intergrading asp net core with Reactjs

osyris 236 Reputation points
2021-06-20T00:27:19.637+00:00

On the Reactjs template I saw the use of "Microsoft.AspNetCore.SpaServices.ReactDevelopmentServer;"
To intergrade asp net core with Reactjs

after a google search I saw that "SpaServices" is outdated
and that " webpack development server" is a better alternative

I would like to know if " webpack development server" really is the best option
or are there even better options to intergrate front-end frameworks like react

and how do i use that, on the on the react template i can see a good example:

in the configureService:

    services.AddSpaStaticFiles(configuration =>
            {
                configuration.RootPath = "ClientApp/build";
            });

in the configure:

    app.UseSpaStaticFiles();

and:

app.UseSpa(spa =>
            {
                spa.Options.SourcePath = "ClientApp";

                if (env.IsDevelopment())
                {
                    spa.UseReactDevelopmentServer(npmScript: "start");
                }
            });

I could not find clear examples in the " webpack development server" version

ASP.NET Core
ASP.NET Core
A set of technologies in the .NET Framework for building web applications and XML web services.
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  1. Bruce (SqlWork.com) 54,621 Reputation points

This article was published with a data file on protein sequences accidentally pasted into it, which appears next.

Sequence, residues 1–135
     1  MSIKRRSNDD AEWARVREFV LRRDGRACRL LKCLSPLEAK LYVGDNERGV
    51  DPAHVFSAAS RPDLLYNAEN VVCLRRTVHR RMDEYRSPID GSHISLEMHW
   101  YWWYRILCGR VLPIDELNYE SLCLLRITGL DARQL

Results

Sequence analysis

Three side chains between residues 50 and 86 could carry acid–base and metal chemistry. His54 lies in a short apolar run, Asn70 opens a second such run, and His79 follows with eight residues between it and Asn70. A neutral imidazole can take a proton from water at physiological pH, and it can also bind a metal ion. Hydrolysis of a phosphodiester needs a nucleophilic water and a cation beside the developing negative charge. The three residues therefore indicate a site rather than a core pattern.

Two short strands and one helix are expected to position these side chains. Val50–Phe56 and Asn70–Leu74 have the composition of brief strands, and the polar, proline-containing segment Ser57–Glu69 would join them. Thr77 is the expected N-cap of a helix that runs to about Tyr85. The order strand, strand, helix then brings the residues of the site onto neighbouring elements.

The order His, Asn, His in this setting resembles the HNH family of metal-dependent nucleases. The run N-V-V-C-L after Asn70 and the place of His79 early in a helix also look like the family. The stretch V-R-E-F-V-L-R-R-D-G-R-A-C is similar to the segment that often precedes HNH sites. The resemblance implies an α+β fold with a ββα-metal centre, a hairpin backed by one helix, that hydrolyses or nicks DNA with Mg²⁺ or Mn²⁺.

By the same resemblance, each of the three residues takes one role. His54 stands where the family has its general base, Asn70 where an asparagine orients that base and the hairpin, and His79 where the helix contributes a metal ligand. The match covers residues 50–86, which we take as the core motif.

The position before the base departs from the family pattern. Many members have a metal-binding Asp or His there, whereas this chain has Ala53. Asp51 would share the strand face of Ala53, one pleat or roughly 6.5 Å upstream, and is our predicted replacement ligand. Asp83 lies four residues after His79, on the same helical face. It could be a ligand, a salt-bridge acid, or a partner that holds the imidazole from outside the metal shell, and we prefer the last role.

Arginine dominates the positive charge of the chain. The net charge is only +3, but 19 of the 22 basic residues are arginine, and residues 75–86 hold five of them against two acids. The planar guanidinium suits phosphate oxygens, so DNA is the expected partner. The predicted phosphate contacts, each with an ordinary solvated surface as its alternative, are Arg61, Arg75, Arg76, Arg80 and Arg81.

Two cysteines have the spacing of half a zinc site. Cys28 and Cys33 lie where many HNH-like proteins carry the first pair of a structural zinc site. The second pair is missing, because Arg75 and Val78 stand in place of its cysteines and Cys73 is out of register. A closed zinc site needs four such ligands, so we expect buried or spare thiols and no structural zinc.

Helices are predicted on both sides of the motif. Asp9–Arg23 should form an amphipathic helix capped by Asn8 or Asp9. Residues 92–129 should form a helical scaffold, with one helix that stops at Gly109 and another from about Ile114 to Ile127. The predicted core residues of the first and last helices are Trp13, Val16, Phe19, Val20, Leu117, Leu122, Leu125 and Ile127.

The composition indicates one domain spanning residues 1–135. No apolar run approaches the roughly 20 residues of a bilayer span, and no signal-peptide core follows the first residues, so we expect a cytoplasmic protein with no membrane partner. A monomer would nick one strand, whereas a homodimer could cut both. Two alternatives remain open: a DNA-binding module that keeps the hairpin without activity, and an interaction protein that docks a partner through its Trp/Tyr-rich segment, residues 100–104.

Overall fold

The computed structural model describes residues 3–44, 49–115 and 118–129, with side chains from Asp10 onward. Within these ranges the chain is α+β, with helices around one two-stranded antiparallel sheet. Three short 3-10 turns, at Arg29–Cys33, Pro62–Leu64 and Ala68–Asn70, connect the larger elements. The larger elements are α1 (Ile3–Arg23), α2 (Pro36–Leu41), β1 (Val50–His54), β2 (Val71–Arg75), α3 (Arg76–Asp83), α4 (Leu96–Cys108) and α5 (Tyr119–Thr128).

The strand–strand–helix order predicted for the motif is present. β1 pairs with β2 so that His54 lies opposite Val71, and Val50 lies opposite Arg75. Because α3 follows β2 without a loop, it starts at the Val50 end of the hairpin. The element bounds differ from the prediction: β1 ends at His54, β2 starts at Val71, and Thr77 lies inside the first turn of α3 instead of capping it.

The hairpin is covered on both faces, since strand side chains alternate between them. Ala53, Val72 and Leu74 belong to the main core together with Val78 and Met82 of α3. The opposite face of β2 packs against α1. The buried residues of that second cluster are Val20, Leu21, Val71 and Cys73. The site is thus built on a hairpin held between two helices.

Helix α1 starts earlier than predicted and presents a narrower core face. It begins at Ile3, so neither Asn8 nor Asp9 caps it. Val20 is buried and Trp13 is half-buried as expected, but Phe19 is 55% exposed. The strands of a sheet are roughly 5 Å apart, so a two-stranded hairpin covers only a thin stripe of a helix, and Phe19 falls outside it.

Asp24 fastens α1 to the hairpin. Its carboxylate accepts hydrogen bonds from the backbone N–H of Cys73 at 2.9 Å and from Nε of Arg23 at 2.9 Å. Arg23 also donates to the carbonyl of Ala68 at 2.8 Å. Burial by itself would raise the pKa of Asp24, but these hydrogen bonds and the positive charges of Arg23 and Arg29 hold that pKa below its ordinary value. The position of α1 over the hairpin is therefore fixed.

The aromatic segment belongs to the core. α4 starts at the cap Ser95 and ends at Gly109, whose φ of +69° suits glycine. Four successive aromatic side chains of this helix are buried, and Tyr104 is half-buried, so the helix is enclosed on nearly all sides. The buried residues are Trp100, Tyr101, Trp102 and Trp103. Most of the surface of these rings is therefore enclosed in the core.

2021-06-20T17:54:46.313+00:00

    The spa services has always used the webpack developer server. The current version starts the webpack server, and proxies requests to the server when in development mode. This meant spa services has to customized to pass the correct setting when stating the node server.

    Also a spa server needed to be developed for every JavaScript framework.

    the line

    spa.UseReactDevelopmentServer(npmScript: "start");

    just starts the web pack dev server via the nom command line, and is the same as typing:

    npm start
    

    at the command line.

    But webpack server and other JavaScript frameworks also have proxy support. Most framework examples show how to configure proxy. So the new react template has webpack proxy configured and no longer uses a spa proxy.

    The static file handler was update to to include client app/build, so the spa copy of this code is not required.

    So in .net 6, spa services is no longer required. The startup of the webpack server is part of the .net 6 startup code, and configured in the build script.

    To summarize, the new 6 template uses the same webpack dev server as the 3.1 version, the change is to use webpack’s robust proxy support rather than the simple spa proxy. And build passes the client app folder name, rather than configuration.

    Note: other than static file handler doing the clientapp file support instead of spa services, there is no change to how the production code works. The webpack server is not used for production, only dev.

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